On Preventing Terrorism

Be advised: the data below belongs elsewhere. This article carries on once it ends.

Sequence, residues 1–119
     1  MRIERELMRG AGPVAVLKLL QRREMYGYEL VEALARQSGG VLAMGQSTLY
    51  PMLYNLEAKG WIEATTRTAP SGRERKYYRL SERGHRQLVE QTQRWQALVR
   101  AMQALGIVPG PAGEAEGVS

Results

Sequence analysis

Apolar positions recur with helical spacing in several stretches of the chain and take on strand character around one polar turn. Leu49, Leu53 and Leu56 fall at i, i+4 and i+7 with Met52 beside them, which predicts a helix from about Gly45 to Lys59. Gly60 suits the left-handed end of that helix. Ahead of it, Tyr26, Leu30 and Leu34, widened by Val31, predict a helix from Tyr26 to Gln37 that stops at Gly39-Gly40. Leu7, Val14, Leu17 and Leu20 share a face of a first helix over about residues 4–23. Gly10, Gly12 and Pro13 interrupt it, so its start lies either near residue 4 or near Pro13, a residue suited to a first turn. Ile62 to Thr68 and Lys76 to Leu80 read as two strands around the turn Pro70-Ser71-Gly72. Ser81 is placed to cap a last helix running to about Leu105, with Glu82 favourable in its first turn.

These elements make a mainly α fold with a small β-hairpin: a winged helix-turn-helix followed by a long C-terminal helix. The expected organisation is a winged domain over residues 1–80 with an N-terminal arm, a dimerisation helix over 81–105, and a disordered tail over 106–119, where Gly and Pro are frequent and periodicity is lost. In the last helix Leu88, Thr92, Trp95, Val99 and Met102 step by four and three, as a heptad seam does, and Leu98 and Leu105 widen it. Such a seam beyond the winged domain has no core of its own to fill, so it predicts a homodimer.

September 11 was an an emotional day for all of us. It is the anniversary of the day that our country was brutally attacked by terrorists and many innocents were killed. Today many are left without husbands, wives, brothers, sisters, aunts, uncles, best friends, and the list goes on and on. Nobody with a conscience can help but have tears on a day like this anniversary. We have made it through seven of them now. I used to work in the north tower of the World Trade Center so it not only brings up many emotions for me, but memories as well. I remember how relieved everyone felt to get out of the "dangerous" subway everyday and into the pristine "safe" walls of this meticulously built building. I was only twenty-eight years old and learning the corporate environment through an internship. I remember the day I saw it fall, and how my innocence was lost, yet again, a knife pierced through my thoughts of "safe boundaries". What was once safe, no longer held much meaning. The walls of the WTC seemed so safe, such a great barrier against the "mean streets of New York" every morning getting off the subway which took us right to the main entrance. I didn't watch most of it on the news when it was occurring. I was recovering from a heart attack, and many of the people whom I'd befriended, loved, eaten dinner and gone out to drinks with, were now gone. It was too much to watch. I eventually, with a friend by my side, months later, turned watched several videos of it. It took months before I could do so. It was hard enough to read about it in newspapers and on the net, but I did, just to keep up with it. It was impossible to watch the video after once however, and would take months before I could do so again. I often wonder how the families of those lost cope. I know that time heals, and my feeling today is one of "less fear and sadness" than seven years ago this day. It tests everything I ever learned about forgiveness. It causes a great inner-conflict. How does one forgive the people who did this? I believe in forgiveness, try to practice it (for self and others) but honestly, and I am sorry if I might be considered "a sinner", it is not in me, and I don't know that it ever will be, to forgive this. I do not blame the Moslem religion for this; in fact, feel sad for them that they were hijacked by a few powerful misguided renegade fanatics. Those who blame Islam for it are misguided as well. I don't believe Mohammed Ali or Kareem Abdul Jabbar (nor millions of others) would have endorsed this event. In fact I know they wouldn't. Wars are what happen, and happen rapidly, when a few fanatics with power and/or money get together and decide a higher power is talking to them to save the world, or, that everyone must think, feel, and believe like them, or they must die. It has happened since the beginning of time, and unfortunately may happen again. But that is no reason to "put life on hold" and wait for it. Everyone can do their little part in helping it "not happen so often". One way is to dis-empower, by ignoring, and not voting for (if they are running for office) warmongers and/or fanatics of any kind. I avoid friendships with them at any cost, no matter what their philosophies (or lack thereof). It can happen on a small scale, and it can happen on a large scale. The trick is to be part of the solution, not part of the problem. Avoid fanatics of any sort (religious or not) who "give you the opportunity" to be a part of "their cause". I am not saying "ignore that they exist and keep an eye out on them" , only to ignore their cause and that sends a very strong message of your non-support". There is strength in numbers and the less numbers they have, the less chance they have of doing damage in the world. Many have money and will attempt to "buy you". This is a good time to walkaway from that money. A fool and his/her money is soon departed. The less people, power, friends, and money a terrorist, or would-be terrorist has, the less chances he/she has of doing damage. We can start in our own communities by simply not "buying into" fanaticism of any kind.